This past Thursday, Jamey Newberg held his annual Book Release party at Sherlock’s out in Arlington. This year, he had Derek Holland, Matt Thompson, Joe Wieland, and Tanner Scheppers signing autographs and participating in a Q&A session. It was a lot of fun as usual. This week I will give a recap of the night and give some analysis on Cliff Lee going to Philadelphia.

Newberg Night:

My dad and I got to Sherlock’s at 4:30 for the 6:00 event, and there were already plenty of people there. We got a table and ate with Ted Price (, and Jamey Newberg came over and ate and chatted with us for a while. I ordered a bacon cheeseburger, which was good, along with some decent fries. Two years ago at the event, the news broke that AJ Burnett was going to sign with the Yankees, but there was no big news this time, just the fact that I shouldn’t have benched Vincent Jackson on my fantasy team. Devin Pike ( and Eleanor Czajka ( also came over and sat at the table with us for a little while as people were getting their autographs. It was fun talking with and hanging out with them. Scott Lucas ( was there too but I didn’t get the chance to talk with him much. I also spent some time at the Newberg Book Table with my friend Ryan Wolfson, who introduced me to potato skins, by giving me one, which made me end up getting my own order of potato skins.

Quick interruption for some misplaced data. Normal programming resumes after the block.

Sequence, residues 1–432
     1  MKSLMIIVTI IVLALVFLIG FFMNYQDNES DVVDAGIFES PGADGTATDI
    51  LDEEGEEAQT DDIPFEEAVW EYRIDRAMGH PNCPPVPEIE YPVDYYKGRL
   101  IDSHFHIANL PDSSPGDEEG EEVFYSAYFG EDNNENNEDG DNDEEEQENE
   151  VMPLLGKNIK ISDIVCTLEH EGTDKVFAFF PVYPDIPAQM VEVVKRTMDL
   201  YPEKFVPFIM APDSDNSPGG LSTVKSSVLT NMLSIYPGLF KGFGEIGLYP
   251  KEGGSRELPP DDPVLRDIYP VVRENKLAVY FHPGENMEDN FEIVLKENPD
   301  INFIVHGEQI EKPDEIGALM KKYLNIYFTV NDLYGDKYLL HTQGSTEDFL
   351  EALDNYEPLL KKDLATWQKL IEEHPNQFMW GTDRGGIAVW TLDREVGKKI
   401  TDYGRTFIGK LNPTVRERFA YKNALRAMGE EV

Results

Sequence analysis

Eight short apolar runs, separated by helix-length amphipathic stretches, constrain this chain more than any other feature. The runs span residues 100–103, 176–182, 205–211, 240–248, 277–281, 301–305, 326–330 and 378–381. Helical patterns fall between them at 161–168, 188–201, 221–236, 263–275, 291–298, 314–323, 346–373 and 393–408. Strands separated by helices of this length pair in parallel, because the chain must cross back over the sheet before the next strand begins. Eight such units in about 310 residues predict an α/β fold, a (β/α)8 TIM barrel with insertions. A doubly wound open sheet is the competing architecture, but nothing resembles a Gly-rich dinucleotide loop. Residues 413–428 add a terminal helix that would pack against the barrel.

After I finished eating the potato skins, I got autographs from the four players (Derek Holland, Joe Wieland, Matt Thompson, and Tanner Scheppers), and they were all extremely nice. I was towards the end of the line, so not too long after I got my autographs, the Q&A session started. Here are the highlights from the session:

Me: This question is for Tanner. What are the three biggest differences between the independent league, where you pitched for the St. Paul Saints, and the minor leagues? (This is one of the two questions I asked during the Q&A)

Tanner: One, you get paid more in the minor leagues, two, the competition’s a little bit better, and, three, the atmosphere.

Q: How do you keep your composure when there are so many trade rumors out there and you’re the centerpiece of so many of them?

Tanner: You can’t really worry about trade rumors. You’re a Ranger as long as you are. If it happens, it is what it is.